There are obviously a lot of climate advocates who believe it’s possible to address the climate crisis within our current economic systems, through pricing pollution, and for the sake of the planet, I hope they’re right. But I’d say I’m still an agnostic in this respect.
In terms of getting involved in campaigning for action on climate change, if you’re an ANU student, I’d recommend getting involved in Fossil Free ANU or the Australian Youth Climate Coalition (AYCC). Otherwise, there are heaps of groups doing amazing things. 350.org is one I find particularly inspiring and would recommend for anyone keen to get involved with climate advocacy. All of these groups are great because they make you feel a part of something bigger than yourself; part of movement that is really affecting change in this area.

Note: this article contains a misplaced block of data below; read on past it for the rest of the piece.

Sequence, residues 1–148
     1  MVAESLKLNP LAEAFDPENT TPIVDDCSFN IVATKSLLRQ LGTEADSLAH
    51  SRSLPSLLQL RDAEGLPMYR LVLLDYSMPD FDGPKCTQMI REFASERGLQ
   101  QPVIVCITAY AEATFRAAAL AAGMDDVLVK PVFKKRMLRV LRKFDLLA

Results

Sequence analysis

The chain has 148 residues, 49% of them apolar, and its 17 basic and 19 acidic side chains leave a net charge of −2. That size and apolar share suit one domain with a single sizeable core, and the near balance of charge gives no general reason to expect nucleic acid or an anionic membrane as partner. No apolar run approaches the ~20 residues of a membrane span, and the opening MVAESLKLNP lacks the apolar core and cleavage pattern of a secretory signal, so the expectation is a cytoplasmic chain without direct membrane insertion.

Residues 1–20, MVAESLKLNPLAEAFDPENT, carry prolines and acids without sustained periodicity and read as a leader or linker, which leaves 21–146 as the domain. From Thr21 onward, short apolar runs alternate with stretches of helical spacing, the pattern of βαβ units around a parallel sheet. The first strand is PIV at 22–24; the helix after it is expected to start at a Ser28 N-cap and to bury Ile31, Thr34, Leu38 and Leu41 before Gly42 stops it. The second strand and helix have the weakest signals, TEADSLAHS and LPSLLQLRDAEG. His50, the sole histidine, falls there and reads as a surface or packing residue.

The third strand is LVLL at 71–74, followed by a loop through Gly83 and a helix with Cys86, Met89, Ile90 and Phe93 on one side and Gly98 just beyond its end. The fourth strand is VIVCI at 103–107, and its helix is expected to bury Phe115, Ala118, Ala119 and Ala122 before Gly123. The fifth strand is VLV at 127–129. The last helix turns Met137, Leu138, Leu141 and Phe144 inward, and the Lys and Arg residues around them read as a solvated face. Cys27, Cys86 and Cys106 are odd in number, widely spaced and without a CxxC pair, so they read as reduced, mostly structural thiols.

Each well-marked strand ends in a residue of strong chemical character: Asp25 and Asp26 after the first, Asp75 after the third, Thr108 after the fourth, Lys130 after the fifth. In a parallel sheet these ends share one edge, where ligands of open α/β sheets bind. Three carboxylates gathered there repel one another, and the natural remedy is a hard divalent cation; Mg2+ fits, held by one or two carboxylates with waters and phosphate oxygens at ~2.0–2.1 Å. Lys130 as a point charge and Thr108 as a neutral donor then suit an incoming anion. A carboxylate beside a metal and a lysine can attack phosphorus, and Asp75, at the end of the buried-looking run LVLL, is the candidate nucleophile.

The 2015 Peoples’ Climate March slogan was: “to change everything, we need everyone”. I think this is a good reminder for people considering whether or not to get involved in climate campaigning. It’s also just really fun to be a part of!